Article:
Unconventional Economist

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Weekend Reading 26-27 May 2018

Global Macro / Markets / Investing: U.S. Launches Criminal Probe into Bitcoin Price Manipulation – Bloomberg About $1.2 billion in cryptocurrency stolen since 2017: cybercrime… – Reuters The declining share of manufacturing jobs – VOX Elon Musk Is Gaslighting Us – Slate Tesla’s Model 3: You’re Going To Need A Bigger Parking Lot – Seeking

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Why homelessness is getting worse

By Leith van Onselen The ABC has released a report explaining why Australian homelessness is getting worse: Australia’s homelessness figures are going in the wrong direction, and housing experts warn we’re about to recommit to a failing policy. Last month’s census data revealed that after a long period of stability, homelessness in Australia has gone

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Anatomy of an Auckland housing disaster

By Leith van Onselen You know Auckland’s housing market has hit peak stupid when despite a near record high average dwelling price of $1.05 million: And rampaging population growth: We are being told that Auckland’s dwelling values must continue to rise otherwise developers will go bust: House prices and those of commercial property projects will

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Leith van Onselen talks mass immigration on 2GB Radio

This morning I was interviewed by Radio 2GB’s Luke Grant discussing Labor Leader, Luke Foley’s, regrettable comments yesterday about “white flight” from Sydney owing to an influx of refugees (which I demolished yesterday). I also slam mainstream economists infatuation with endless growth, as well as the lunacy of recent calls to increase Australia’s immigration intake

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Another contractor lines up to sue Sydney’s Light Rail farce

By Leith van Onselen The infrastructure being built to fix the problems caused by mass immigration continues to pile on the pain for taxpayers in Queen Lucy Turnbull’s Sydney. Hot on the heels of Spanish contractor Acciona demanding an additional $200 million from taxpayers as compensation for delays caused by the NSW State Government relating to the Sydney

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Coalition painted into corner on company tax cuts

By Leith van Onselen Th AFR’s Phillip Coorey has done a good job describing the conundrum facing the Turnbull Government with respect to its company tax cut policy: Inevitably, in the wake of this week’s events, there are murmurs among the Nationals and some others on the backbench to dump the cuts rather than fight

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Links 25 May 2018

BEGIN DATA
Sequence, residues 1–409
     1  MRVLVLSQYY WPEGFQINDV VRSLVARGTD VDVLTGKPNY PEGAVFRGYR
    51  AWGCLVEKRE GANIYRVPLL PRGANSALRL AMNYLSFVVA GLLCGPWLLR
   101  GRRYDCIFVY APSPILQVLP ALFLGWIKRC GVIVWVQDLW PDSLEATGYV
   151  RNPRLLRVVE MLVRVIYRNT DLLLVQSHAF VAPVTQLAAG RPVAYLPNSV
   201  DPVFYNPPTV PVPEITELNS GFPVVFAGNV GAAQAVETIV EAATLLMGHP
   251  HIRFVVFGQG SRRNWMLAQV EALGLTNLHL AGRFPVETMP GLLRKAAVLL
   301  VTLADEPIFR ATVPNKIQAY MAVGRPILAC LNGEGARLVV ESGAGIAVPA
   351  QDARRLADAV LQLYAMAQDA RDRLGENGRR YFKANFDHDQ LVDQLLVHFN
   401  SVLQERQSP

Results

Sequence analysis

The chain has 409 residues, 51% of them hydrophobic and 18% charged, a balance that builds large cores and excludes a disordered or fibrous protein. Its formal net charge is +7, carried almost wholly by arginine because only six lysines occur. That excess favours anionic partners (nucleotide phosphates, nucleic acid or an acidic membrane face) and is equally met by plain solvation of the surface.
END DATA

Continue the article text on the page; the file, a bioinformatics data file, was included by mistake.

Global Macro / Markets / Investing: Goldman Sachs made a staggering $200 million in one day as markets plunged – CNBC Netflix Is Now Worth More Than Comcast – Bloomberg The ‘suprasecular’ stagnation – VOX Here’s How Much Money You Need for Bankers to Think You’re Rich – Bloomberg M&A frenzy stokes fear of market

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Airbnb delivers Melbourne party-towers!

By Leith van Onselen Another report has emerged about the conversion of Melbourne’s rental stock to short-term Airbnb holiday rentals: A new shimmering 63-storey, $300 million skyscraper that was meant to provide private residential accommodation to Melbourne’s booming inner city population has instead become a quasi-hotel with dozens of rooms listed by owners and investors

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Land-use restrictions drive-up Canadian housing costs

By Leith van Onselen The CD Howe Institute has released a new study on how excessive land-use restrictions and planning barriers are driving up the cost of Canadian housing: In any competitive market without barriers to entry, regardless of the product being sold, the overall market price should equal its marginal cost of production. The

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Why won’t Labor commit to raising Newstart?

By Leith van Onselen The chorus calling for a lift in Australia’s pathetically low Newstart Allowance for unemployed workers (the ‘dole’) is getting too loud to ignore. In recent times, we have witnessed a huge cross-section of industry groups and commentators calling for Newstart to be lifted, including: Deloitte Access Economics senior partner Chris Richardson;

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MSM pushes company tax cut suicide on Coalition

By Leith van Onselen With the Turnbull Government’s company tax cut package seemingly dead in the water after One Nation’s rejection in the Senate, and Coalition MPs questioning the political merits of pursuing the policy, both The AFR and The Australian have launched rear guard actions backing the package. The AFR has taken direct aim

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Coalition’s income tax cuts to cost Budget $144 billion

By Leith van Onselen Treasurer Scott Morrison has finally revealed that the Federal Government’s three-stage personal income tax package will cost $143.95 billion in total over a decade, with the first two stages to cost $102.35 billion. The tax bill was passed by the House of Representatives yesterday, although it is likely to face an

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Why won’t Adani die?

By Leith van Onselen It’s a question I have often pondered. With the Turnbull Government confirming that the Adani Carmichael coal mine will not receive NAIF funding, Australia’s largest rail freight company – Aurizon – stating that it will withdraw its application for a federal government loan to build the rail corridor, as well as

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Macroprudential 3.0 takes aim at Sydney and Melbourne property